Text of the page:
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After months of speculation, on Friday, October 15th, Medtronic finally announced that it had received investigational device approval (IDE) from the FDA to launch a pivotal U.S. trial of its CoreValve System for transcatheter aortic valve implantation (TAVI). After Medtronic's purchase of the CoreValve System last February, the cardiovascular community has been anticipating a U.S. trial to bring CoreValve to the U.S. market. The CoreValve System offers a minimally invasive, interventional alternative to traditional surgical valve replacement in patients with aortic stenosis. This announcement comes on the heels of the recent presentation of Edwards LifeScience's year-one trial results of its transcatheter aortic valve, the SAPIEN, at the Transcatheter Therapeutics Conference (TCT) in September. Although both devices are commercially available in Europe, the SAPIEN is currently at an advantage in the U.S. as its pivotal FDA PARTNER trial is nearing completion.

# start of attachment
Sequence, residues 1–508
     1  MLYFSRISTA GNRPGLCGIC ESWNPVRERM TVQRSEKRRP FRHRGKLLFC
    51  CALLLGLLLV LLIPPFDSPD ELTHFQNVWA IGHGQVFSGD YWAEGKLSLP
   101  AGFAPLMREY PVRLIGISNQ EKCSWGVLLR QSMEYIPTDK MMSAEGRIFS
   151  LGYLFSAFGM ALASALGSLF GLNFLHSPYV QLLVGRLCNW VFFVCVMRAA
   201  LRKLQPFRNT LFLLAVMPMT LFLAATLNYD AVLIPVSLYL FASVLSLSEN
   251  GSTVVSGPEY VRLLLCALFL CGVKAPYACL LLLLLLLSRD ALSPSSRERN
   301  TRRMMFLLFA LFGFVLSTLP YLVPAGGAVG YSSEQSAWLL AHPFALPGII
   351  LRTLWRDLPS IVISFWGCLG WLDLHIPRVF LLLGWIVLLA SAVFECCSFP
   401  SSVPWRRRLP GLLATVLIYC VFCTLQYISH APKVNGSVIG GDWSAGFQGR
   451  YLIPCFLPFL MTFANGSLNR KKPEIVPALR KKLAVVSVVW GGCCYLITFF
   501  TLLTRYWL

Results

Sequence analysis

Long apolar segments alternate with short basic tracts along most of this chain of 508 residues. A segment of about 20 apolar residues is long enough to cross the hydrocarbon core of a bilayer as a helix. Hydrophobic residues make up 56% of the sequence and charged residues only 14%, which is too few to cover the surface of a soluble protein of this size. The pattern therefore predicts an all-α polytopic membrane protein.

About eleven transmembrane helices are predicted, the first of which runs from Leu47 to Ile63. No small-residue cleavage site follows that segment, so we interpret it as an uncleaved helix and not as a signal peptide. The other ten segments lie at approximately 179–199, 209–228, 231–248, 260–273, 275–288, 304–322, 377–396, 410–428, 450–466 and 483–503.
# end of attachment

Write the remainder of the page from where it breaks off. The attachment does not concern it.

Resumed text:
Spanning 40 U.S. sites, Medtronic's trial will study over 1,200 patients in two concurrent studies. Like the PARTNER trial, it will evaluate the efficacy and safety of a minimally invasive approach to treating patients with severe aortic stenosis who are at high-risk or deemed ineligible for traditional open surgery. Patients will then be separated into two cohorts: high-risk patients randomized to TAVI with the CoreValve System or open surgery and inoperable patients randomized to TAVI or optimal medical management.
The CoreValve System is a self-expandable valve delivered via an 18-french delivery system, typically transfemorally through a patient's groin. At TCT, principal investigator, Dr. Jeffrey Popma, an interventional cardiologist at Beth Israel Deaconess Medical Center, reported that the 40 unannounced trial sites were undergoing training on implantation techniques. Although, thus far, it remains unclear whether Medtronic will require these trial sites to perform procedures in a hybrid operating room, industry experts emphasize that a hybrid facility is the optimal environment for CoreValve System implantation. To date, however, the System has been implanted in over 12,000 patients worldwide, with a sizable percentage of procedures taking place in standard cath facilities.